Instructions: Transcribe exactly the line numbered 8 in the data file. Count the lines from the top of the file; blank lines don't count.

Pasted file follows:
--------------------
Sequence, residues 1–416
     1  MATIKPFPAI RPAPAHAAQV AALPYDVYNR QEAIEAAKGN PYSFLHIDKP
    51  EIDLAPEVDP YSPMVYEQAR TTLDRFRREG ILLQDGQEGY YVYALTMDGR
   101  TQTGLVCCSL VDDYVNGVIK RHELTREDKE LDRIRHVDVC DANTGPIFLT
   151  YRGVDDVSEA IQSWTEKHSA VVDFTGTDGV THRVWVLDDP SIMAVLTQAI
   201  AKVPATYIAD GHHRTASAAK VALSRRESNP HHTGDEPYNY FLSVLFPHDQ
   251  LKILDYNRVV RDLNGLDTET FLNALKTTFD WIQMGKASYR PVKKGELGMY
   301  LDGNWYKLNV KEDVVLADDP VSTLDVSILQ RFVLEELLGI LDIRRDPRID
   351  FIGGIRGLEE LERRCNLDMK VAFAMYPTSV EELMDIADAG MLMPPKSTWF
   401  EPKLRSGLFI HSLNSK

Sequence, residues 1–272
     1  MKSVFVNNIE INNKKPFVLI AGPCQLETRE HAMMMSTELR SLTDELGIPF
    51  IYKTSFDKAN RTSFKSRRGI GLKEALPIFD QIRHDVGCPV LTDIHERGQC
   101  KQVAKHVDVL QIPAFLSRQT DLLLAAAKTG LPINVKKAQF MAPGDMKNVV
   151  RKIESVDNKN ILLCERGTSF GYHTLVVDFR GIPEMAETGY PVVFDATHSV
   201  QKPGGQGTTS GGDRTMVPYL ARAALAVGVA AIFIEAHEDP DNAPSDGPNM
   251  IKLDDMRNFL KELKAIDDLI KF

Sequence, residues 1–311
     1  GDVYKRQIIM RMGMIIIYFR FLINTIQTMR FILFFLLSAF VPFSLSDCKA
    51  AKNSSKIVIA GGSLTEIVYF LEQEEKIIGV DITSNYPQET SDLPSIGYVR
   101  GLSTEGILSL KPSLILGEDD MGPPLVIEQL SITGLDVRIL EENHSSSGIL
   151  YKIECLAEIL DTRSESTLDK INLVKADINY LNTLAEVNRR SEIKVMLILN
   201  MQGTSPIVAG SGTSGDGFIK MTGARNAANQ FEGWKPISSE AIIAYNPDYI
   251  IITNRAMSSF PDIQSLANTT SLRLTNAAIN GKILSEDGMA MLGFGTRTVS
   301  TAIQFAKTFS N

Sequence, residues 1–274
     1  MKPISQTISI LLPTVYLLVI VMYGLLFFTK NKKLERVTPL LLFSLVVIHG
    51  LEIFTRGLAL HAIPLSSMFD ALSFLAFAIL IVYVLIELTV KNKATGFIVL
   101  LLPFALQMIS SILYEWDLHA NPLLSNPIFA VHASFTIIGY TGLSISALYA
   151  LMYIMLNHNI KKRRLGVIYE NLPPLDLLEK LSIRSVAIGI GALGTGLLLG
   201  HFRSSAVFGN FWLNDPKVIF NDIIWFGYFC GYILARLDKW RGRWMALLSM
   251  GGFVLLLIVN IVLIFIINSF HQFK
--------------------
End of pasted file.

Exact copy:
   301  LDGNWYKLNV KEDVVLADDP VSTLDVSILQ RFVLEELLGI LDIRRDPRID